This solution was posted and copyrighted by DAFR. The original thread for this problem can be found here: [1]

Solution 2

For each $n \ge 1$ let $I_n$ be the interval of real numbers $0 \textless x \textless 1$ such that if $x=x_1$, we will have $x_n \textless x_{n+1} \textless 1$. (That is, the values of $x_1$ which make $x_{n+1}$ "work"). We must prove these intervals intersect at one point.

First, I prove they intersect. Notice that as $x_1$ increases, $x_n$ and $x_{n+1}$ do too. So if $I_n=(a_n,b_n)$ it is easy to see $a_n=x_1$ will give $x_n=x_{n+1}=1-1/n$ and $b_n=x_1$ will give $x_{n+1}=1$ (the "extremal" values $x_{n+1}$ can take are given by the extremal values $x_1$ can take).

But if $a_n=x_1$ we see that $x_{n+1} \textless 1-1/(n+1)$ and so $x_{n+1} \textgreater x_{n+2}$ and similarly $x_1=b_n$ gives $x_{n+1}=1$ which gives a $x_{n+2}$ too big. So basically when $x_1$ only barely works for $x_{n+1}$, it won't work for $x_{n+2}$. So $I_{n+1}$ is a subset of $I_n$.

So we have an infinite sequence of open intervals, each contained inside the previous one. Therefore their intersection must contain at least one number. This guarantees the existence of $x_1$.

But, we must prove that $x_1$ can't take two different values. Suppose it could. Suppose $x_1=a,b$ both work. Let $x_i$ be the sequence generated by $a$ and $x_i'$ the sequence generated by $b$, and let $l_i=x_i'-x_i$ (wlog $a \textless b$). Then we see $l_{n+1}=l_n(2x_n+l_n+1/n) \textgreater l_n$ for $n \ge 2$ since $2x_n \textgreater 1$ since $x_n \textgreater 1-1/n \ge 1/2$. So there exists a constant $C$ such that $x_k' \ge x_k+C$ for $k \ge 2$. But since $x_k, x_k' \in (1-1/k, 1)$, this is impossible. So we're done.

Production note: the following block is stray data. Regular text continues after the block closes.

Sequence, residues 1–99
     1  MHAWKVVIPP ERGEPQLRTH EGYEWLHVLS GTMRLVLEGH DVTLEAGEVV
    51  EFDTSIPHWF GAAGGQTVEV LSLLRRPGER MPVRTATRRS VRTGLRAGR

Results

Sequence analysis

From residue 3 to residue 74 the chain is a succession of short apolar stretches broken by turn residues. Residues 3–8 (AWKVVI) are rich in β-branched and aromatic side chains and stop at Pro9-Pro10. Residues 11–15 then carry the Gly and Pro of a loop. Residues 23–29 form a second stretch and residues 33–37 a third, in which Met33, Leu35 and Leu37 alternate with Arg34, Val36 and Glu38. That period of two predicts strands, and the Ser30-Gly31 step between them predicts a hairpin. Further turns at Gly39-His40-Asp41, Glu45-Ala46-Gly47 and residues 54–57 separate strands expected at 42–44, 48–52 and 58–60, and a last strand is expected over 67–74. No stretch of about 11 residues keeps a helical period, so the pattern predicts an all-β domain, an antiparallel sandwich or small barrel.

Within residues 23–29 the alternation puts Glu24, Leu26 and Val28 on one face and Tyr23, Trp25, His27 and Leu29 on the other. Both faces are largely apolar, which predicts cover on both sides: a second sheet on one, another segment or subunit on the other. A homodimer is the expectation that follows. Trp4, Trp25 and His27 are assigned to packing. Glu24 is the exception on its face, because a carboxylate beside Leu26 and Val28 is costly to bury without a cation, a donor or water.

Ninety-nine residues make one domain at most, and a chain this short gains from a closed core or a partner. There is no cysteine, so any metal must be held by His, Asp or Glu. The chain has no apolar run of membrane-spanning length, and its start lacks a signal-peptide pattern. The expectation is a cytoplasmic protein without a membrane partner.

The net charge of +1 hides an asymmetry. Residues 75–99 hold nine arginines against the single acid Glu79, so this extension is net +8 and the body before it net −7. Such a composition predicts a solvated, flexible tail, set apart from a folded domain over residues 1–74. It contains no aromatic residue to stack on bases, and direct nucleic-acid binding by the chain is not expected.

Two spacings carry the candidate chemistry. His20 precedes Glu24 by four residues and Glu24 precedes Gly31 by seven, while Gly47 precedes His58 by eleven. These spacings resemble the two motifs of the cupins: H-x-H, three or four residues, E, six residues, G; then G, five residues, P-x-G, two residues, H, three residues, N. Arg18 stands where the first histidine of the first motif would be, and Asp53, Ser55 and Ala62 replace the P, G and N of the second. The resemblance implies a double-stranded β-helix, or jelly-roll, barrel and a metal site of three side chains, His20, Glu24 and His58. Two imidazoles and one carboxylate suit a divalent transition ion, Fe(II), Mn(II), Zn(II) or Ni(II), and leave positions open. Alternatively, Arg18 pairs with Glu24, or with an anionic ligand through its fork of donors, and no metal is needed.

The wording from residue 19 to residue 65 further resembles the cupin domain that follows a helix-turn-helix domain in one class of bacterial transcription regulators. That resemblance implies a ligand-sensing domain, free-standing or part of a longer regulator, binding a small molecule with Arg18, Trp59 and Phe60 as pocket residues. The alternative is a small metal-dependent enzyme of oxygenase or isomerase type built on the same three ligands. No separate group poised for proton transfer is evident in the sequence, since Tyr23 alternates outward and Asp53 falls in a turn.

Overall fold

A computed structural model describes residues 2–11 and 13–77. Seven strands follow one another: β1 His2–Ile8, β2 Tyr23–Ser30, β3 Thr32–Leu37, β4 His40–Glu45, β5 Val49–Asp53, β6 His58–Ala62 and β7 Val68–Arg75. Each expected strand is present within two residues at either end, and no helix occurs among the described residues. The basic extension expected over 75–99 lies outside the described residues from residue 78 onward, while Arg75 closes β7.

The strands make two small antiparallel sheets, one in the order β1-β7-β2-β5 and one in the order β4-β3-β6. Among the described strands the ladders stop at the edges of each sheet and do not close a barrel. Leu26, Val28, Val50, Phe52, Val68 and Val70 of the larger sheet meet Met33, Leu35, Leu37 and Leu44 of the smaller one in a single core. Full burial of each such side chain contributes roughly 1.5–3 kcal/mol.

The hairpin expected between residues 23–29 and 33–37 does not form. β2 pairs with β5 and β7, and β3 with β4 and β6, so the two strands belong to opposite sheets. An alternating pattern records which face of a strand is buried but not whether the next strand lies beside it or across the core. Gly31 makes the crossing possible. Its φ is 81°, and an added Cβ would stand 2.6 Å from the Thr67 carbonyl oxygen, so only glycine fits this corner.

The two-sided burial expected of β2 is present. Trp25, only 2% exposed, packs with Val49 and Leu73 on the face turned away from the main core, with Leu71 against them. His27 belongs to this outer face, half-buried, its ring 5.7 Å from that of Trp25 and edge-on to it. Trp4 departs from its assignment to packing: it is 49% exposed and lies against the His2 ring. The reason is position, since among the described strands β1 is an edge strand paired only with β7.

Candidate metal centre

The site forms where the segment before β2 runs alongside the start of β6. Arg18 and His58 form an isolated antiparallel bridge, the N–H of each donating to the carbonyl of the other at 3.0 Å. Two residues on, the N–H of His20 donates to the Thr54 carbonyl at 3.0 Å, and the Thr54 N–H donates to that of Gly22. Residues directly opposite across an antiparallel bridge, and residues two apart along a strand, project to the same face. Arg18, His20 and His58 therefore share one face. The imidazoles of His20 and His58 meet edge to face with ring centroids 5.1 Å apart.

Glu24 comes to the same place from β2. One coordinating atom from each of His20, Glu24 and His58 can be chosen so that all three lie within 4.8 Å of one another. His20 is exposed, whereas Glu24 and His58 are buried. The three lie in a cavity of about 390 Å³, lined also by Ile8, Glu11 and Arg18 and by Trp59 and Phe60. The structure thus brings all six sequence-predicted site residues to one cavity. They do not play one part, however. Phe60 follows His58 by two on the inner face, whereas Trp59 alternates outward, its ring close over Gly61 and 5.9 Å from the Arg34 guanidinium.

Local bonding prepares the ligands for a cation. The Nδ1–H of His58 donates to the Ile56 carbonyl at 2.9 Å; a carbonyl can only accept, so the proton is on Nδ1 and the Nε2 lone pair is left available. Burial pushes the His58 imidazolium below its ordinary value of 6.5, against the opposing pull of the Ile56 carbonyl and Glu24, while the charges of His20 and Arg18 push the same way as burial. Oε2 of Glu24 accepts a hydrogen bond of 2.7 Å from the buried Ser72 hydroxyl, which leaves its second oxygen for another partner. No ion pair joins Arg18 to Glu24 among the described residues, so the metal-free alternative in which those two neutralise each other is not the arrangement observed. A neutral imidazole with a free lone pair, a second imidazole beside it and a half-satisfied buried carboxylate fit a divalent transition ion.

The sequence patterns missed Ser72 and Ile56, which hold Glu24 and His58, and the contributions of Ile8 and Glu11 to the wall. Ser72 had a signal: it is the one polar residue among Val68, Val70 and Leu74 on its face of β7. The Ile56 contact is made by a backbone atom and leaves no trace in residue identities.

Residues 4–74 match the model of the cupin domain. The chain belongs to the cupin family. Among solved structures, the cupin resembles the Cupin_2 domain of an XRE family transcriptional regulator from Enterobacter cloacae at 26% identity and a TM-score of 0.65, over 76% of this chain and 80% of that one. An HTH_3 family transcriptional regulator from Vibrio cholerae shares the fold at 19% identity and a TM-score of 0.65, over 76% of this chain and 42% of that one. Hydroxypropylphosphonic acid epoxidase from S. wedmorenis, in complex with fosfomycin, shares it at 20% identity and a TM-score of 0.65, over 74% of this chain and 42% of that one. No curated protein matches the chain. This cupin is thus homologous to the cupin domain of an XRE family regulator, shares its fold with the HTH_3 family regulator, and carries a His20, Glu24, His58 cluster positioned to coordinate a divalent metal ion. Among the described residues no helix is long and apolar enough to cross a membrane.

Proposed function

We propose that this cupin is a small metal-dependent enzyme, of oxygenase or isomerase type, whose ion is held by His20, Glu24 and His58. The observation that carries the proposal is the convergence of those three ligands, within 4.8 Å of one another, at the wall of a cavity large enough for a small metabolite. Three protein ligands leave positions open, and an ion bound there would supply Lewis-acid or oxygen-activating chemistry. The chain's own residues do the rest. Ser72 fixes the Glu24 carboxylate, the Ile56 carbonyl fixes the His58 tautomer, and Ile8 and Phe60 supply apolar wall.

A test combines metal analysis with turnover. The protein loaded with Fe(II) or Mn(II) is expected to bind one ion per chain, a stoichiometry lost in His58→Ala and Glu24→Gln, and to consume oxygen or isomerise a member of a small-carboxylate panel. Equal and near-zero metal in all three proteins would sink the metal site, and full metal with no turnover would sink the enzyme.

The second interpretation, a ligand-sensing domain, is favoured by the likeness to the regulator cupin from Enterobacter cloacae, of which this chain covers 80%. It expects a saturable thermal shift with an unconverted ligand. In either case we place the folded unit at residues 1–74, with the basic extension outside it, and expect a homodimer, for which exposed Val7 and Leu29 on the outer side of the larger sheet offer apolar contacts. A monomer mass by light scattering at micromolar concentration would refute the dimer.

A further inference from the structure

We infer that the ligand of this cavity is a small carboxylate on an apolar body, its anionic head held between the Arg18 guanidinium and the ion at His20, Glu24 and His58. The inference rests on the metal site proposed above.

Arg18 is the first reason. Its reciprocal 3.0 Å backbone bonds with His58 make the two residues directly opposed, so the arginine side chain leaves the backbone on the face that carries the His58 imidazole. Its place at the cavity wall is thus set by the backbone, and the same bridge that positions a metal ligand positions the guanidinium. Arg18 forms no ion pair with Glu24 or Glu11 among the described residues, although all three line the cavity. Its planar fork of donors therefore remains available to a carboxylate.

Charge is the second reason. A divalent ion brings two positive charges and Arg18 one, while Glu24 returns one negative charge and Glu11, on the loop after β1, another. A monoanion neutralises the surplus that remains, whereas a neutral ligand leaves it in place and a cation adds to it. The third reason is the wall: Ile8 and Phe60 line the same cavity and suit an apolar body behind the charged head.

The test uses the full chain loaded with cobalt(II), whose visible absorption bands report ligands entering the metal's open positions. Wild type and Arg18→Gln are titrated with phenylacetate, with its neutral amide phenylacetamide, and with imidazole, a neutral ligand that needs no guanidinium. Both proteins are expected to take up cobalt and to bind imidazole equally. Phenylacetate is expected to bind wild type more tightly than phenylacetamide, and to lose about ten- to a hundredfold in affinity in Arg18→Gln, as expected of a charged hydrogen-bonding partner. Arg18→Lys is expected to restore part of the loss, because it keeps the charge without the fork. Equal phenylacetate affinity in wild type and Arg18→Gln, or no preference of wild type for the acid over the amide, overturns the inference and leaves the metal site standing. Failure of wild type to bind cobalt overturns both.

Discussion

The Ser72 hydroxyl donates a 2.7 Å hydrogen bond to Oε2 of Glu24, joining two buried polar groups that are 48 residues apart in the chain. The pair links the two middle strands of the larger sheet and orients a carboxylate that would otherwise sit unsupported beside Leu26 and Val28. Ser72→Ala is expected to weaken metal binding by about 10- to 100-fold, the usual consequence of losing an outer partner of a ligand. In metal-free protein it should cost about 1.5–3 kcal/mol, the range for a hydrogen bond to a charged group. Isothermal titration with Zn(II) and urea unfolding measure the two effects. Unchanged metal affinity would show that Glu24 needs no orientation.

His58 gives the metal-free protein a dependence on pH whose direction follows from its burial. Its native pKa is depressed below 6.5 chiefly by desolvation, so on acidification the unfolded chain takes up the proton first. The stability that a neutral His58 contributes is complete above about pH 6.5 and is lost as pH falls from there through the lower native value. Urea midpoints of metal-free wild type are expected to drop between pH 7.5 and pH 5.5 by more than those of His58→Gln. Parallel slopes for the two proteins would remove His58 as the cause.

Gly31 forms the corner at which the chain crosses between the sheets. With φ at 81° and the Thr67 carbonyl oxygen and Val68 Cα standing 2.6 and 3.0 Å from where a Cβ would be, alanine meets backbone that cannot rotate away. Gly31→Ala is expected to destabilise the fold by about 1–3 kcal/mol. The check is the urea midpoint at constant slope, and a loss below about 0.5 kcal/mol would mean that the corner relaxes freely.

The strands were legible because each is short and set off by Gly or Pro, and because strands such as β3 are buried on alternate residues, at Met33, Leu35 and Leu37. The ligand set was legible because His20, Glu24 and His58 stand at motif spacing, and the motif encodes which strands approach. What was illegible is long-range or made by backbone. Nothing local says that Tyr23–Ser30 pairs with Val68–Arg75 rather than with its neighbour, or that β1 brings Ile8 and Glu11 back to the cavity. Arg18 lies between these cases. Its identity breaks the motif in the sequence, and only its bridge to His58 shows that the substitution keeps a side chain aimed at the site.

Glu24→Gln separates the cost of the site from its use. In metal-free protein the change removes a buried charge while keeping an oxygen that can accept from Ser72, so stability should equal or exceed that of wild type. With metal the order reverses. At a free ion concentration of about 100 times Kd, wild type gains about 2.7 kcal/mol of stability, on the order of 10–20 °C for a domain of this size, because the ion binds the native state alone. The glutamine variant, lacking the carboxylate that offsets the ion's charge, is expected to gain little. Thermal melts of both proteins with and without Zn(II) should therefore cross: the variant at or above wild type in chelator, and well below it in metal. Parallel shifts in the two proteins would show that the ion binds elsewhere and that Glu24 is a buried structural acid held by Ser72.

This solution was posted and copyrighted by JuanOrtiz. The original thread for this problem can be found here: [2]

Solution 3

Consider, now, the following observations:

(a) If, at any point, $x_{n+1}\le x_n$, then from here we know that \[x_n\le 1-\frac{1}{n},\quad x_{n+1}\le 1-\frac{1}{n} < 1-\frac{1}{n+1}\to x_{n+2}<x_{n+1}, \cdots  x_m\le 1-\frac{1}{n} < 1-\frac{1}{m}\to x_{m+1}<x_m, \forall m>n\]and therefore the sequence $\{x_n\}$ will be monotonically decreasing after one point.

(b) If some $x$ does satisfy $0<x_n<x_{n+1}<1$ for all $n$, then $1-\frac{1}{n}<x_n<1$ for all $n$, and therefore by Squeeze's theorem $\lim_{n\to\infty}x_n = 1$.